Thursday, 6 August 2009

Culture shockin'

've done this before, you know, this moving country lark. Of course, that was 14 years ago when I was a good deal younger and it was to a country that spoke (a version) of my mother tongue and had a culture that wasn't a million miles removed from the one I had grown up in thus far.

This move is something quite different.

I've been here for four weeks now and I'm just starting to get a handle on what it means to live here. The language. The culture. The masses of people and profusion of concrete. Driving on the other side of the road - not just a trick for young players who are also trying to drive but a hazard for newbies trying to cross the road who are used to looking left, then right then left again. The proliferation of all kinds of signs in neon and flashing lights. People staring at me because I'm the only white woman in a 5 mile radius. Yup, I've got a case of severe culture shock.

Apparently, according to anthropologist Kalervo Oberg (1901-1973) there are four stages to culture shock:
1) The Honeymoon Stage - Where everything is new and exciting.

2) The Crisis or Culture Shock Stage - Reality hits! Everything is overwhelming and you're insanely homesick.

3) The Adjustment or Recovery Stage - Things become a bit more normal and you feel somewhat more settled. This stage is not a clear stage as it involves a bit of oscillation between Honeymoon stage excitement and Crisis stage depression and frustration but hey - it's progress.

4) The Adaptation Stage where you've come through the darkness and made it out to the other side and you feel settled and comfortable in your new environment.

At this stage I'd estimate myself to be in the third stage. I'm excited to be here but on occasion I just want to curl up in a ball and hide. The main anxiety for me is going out alone without the hubby in tow. As he's originally a local, fluent in the language and culture and has been living here for the past 2ish years, he can translate for me, guide me across roads and gently guide me on issues I'm unsure about ("what on earth is THAT?!") Not to mention that when I'm with him and people stare at me I don't really mind but when I'm by myself, already feeling self-conscious and awkward the last thing I want is to think people are witnessing my awkwardness.

I was thinking about what culture shock means to me personally the other day and basically I boiled it down to complete and utter DIFFERENCE. You come to a place with ideas and expectations only to be met with a completely different reality. It's not just the big things like "I can't understand a damn word that person just said!" it's the small things too. In fact I think the small things are sometimes the ones that make bigger cracks in your ability to cope as they're usually things you never realised would be an issue.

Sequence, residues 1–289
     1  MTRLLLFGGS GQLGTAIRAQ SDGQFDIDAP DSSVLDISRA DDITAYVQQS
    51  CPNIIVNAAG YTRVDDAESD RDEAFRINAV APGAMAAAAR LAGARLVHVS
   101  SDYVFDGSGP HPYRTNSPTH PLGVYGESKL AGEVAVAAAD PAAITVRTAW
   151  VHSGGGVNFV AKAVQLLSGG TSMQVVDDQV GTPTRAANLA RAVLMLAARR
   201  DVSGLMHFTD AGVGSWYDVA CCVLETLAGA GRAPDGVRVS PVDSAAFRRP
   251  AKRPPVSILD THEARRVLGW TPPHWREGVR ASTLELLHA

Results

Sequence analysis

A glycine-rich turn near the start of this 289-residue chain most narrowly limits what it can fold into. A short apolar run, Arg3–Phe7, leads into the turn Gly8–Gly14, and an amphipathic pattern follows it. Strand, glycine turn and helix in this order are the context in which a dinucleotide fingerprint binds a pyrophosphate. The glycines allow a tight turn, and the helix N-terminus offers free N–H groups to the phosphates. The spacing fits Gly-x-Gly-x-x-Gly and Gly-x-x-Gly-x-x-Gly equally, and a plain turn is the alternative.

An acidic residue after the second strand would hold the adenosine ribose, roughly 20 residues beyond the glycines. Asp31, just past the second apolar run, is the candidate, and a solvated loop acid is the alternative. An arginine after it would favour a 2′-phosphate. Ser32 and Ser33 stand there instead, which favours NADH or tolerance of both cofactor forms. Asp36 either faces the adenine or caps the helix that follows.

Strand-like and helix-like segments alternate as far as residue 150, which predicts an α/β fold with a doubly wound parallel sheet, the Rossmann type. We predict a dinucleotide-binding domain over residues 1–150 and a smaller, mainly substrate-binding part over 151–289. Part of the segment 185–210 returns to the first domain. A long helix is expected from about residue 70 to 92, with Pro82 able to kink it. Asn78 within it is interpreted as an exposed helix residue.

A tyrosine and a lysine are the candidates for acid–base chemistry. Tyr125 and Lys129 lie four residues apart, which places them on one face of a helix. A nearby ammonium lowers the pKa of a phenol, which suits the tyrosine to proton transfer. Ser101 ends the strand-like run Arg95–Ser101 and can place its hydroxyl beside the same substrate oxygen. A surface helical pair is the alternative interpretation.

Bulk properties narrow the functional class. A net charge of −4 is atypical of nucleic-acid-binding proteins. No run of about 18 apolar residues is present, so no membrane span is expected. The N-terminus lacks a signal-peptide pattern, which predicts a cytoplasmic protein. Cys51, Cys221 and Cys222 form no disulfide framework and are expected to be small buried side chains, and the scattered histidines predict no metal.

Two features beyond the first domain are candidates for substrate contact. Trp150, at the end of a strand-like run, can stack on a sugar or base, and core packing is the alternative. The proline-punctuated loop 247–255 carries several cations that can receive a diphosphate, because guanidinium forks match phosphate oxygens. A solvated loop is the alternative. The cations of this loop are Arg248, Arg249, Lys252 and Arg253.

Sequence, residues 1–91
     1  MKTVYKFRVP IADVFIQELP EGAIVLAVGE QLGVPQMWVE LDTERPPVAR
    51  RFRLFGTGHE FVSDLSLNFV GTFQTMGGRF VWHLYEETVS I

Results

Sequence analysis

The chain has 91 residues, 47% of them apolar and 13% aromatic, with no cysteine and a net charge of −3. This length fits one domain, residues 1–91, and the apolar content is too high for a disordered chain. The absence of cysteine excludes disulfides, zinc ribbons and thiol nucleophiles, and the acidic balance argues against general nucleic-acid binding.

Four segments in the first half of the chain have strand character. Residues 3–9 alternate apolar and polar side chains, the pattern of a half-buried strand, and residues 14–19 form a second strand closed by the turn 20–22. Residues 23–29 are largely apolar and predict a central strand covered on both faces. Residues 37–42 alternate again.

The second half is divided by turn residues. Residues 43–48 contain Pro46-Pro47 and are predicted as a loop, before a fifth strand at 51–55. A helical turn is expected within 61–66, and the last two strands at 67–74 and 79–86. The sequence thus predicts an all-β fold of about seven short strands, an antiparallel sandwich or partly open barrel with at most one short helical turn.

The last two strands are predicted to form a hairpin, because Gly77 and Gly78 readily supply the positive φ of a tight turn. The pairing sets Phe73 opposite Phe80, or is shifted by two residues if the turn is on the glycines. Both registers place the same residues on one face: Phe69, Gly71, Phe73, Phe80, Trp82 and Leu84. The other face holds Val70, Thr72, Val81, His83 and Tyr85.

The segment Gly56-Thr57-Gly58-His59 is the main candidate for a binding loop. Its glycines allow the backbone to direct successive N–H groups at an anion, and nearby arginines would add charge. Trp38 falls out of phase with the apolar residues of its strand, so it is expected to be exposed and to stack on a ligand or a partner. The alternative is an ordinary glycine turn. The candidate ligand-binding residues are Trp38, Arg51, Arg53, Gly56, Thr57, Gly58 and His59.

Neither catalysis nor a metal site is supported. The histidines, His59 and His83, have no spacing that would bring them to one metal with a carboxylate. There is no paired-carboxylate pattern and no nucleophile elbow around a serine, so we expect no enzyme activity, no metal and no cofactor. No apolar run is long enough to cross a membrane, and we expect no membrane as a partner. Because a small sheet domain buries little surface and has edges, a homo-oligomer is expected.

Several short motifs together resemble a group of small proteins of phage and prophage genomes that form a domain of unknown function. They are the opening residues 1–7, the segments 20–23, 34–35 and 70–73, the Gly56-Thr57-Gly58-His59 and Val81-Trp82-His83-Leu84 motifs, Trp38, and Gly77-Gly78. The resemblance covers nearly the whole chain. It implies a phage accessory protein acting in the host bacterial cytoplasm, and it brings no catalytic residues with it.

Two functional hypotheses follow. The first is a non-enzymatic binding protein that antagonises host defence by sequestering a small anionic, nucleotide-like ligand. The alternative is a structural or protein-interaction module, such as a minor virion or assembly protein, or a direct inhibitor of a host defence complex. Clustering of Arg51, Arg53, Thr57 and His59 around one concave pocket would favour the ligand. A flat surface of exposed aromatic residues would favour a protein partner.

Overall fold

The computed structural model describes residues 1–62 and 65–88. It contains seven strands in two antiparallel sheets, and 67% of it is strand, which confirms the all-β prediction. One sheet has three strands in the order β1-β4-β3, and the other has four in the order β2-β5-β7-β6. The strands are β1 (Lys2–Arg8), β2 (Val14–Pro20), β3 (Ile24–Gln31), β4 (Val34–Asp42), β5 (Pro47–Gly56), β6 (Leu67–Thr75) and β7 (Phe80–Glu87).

Small things like going to a public loo and there being no tissue supplied, or not being able to flush the tissue down the loo and having to stuff it into the bin provided (ill-attended public toilets on a hot day - not advisable). Things like going for a walk and there are no pavements in one half of the town. Going to the supermarket and the layout is completely different and confusing and it takes you three times as long to find what you wanted. Sometimes you don't find what you wanted. The constant smell in the air - not necessarily a nasty smell, just a smell of something or other. My favourites are when you go shopping and you are blatantly reminded that you're just not in Kansas anymore, Toto, by seeing some of the things that are sold. For instance vodka on the shelf next to the magazines at the local 7/11. Or a wide and interesting array of sex toys (including items for gentlemen) at eye level in aisle six alongside the stationery at your local supermarket.

It's things like this that are culture shock to me. The things I didn't expect and couldn't possibly have anticipated. The things that blow your mind and leave them in a forever-expanded state. This is what travelling is about, after all, right? Seeing things that make you go "Wow!" or "Gross!" or "Who knew?!" It's coming home with a armload of "You'll never guess what!" stories. It's knowing that you've been there and experienced that.

I just wish it wasn't so damn hard is all. Mind you - I guess nothing worth achieving was ever easy... or so they keep telling me!

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